(It was tough to resist exclamation points for all these activities, but dance competition was just too much.)

You can already watch the introductions via this NHL periscope.

* – Although, there are probably enough side attractions to appease those blasphemous puck-haters, too.

Nicklas Backstrom admits it’s nice to finally be an All-Star

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ARLINGTON, Va. (AP) Nicklas Backstrom is the point-a-game playmaker who toils in the large shadow of Washington Capitals teammate Alex Ovechkin, goal-scoring rock star and a constant headliner on the NHL’s marquee.

So, it’s not surprising the unassuming Backstrom has never really gotten more attention for his accomplishments.

“Nicky is the quietest superstar in the league,” Capitals forward Brooks Laich said. “Great players make other people look better, and I think Nicky is the king of that.”

Backstrom flies under the radar like no other current player with 600 career points. Only six active players have more points a game since he entered the league and they’re the best of the best: Sidney Crosby, Evgeni Malkin, Ovechkin, Pavel Datsyuk, Ryan Getzlaf and Patrick Kane.

Yet somehow this weekend will be Backstrom’s first All-Star appearance.

“Is this his first All-Star Game?” incredulous former linemate Mike Knuble. “It is, really? Holy cow. That’s crazy.”

Believe it. Backstrom has never wanted the attention and wanted to make it clear that he didn’t ask his coach, Barry Trotz, to go on an All-Star campaign for him.

Perhaps it’s the Swede in him that makes him want to go about his business without the fanfare or the thirst for attention. Maybe it’s just the 28-year-old’s humility, but he’s honored his coach and teammates have taken a stand to bring him the deserved recognition.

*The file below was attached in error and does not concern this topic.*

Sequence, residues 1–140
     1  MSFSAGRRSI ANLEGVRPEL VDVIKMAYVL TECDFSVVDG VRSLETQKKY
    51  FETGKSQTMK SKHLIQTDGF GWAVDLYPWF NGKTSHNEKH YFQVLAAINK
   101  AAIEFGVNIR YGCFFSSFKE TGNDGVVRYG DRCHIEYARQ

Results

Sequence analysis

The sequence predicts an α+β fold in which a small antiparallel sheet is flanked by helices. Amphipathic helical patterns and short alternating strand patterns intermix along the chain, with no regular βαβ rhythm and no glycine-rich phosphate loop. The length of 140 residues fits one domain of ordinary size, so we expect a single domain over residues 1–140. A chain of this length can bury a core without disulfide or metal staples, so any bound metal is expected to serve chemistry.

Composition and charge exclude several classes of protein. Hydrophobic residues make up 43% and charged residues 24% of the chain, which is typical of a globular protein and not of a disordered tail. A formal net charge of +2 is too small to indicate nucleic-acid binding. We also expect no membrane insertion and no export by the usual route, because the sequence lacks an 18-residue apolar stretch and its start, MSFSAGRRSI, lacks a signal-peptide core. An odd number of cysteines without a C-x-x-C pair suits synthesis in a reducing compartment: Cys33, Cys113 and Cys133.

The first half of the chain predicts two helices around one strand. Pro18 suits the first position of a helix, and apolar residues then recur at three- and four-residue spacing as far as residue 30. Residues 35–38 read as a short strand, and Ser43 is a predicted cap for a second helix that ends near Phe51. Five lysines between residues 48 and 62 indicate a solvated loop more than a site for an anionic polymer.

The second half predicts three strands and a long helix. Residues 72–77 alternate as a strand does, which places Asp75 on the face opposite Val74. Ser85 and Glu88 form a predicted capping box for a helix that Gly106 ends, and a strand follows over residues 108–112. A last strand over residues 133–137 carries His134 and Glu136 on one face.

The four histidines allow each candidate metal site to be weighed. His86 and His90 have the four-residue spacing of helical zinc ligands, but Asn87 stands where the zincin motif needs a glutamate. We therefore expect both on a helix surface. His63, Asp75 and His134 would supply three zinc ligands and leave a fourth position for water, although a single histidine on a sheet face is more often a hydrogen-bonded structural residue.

“It’s nice to kind of get appreciated, maybe?” Backstrom said. “But at the same time, it’s not that I haven’t gotten any recognition at all. I’m happy with the way it was or is.”

The way it is, Backstrom dazzles teammates every day in practice. When stay-at-home defenseman Karl Alzner is afraid to mess up a drill, he sees Backstrom fire a backhanded saucer pass 50 feet across the ice. When Laich works on the penalty kill he sees how Backstrom moves opponents around to exactly where he wants them.

Opponents don’t get too close to Backstrom because they know he’s can make them look bad.

“He knows how far everybody’s going to come out to challenge him,” Knuble said. “He’ll go right up to the edge like a dog on an invisible fence. He knows where that line is where they won’t cross.”

Around the league Backstrom has a reputation as a very good player. But the true appreciation of Backstrom comes from seeing him up-close.

“I watched him before, too, and I knew he was great,” said Vancouver Canucks forward Daniel Sedin, who played with Backstrom at the Sochi Olympics. “But I didn’t think he was (that good). He was so much fun to play with on the same line – great passer, great vision. Just the way he skates and moves, he’s easy to play with.

“He’s up there in the league for sure among centermen.”

Likewise, Trotz gained a better appreciation of Backstrom’s brilliance when he witnessed it from behind the bench every game. Now it bothers him that Backstrom is constantly overlooked, whether it be as an All-Star, a candidate for the Selke Trophy as the top defensive forward, or simply as an elite talent.

“When you have a player of his caliber, to not be recognized I think it is a little bit of a travesty in some ways that he hasn’t got the attention that he deserves,” Trotz said. “People are missing that moment where they recognize a great player playing on a nightly basis and not really pay attention to it. I think Nick’s OK with it, but I wasn’t.”

Neither are the Capitals.

Knuble likened Backstrom to a less physical Peter Forsberg, a Hockey Hall of Famer. Backstrom’s career might be one better understood when he hangs up his skates and his stats speak for themselves.

“You’re going to look back at his whole career and see how many points he gets, and it might be the quietest Hall of Fame number of points that you might see in a long time,” Trotz said.

Backstrom is only nine years into his career, but talk of the Hall of Fame is not far-fetched considering Ovechkin’s the fifth-fastest player to 500 goals and that he did it alongside Backstrom.

Ovechkin said Backstrom makes him better every day. Their chemistry has led the Capitals to seven playoff appearances with an eighth looming, and the Ovechkin-Backstrom duo could go down as one of the best in hockey history.

“It’s just a perfect match,” Laich said. “You’ve got an all-time shooter with an all-time passer.”

Follow Stephen Whyno on Twitter: http://twitter.com/SWhyno .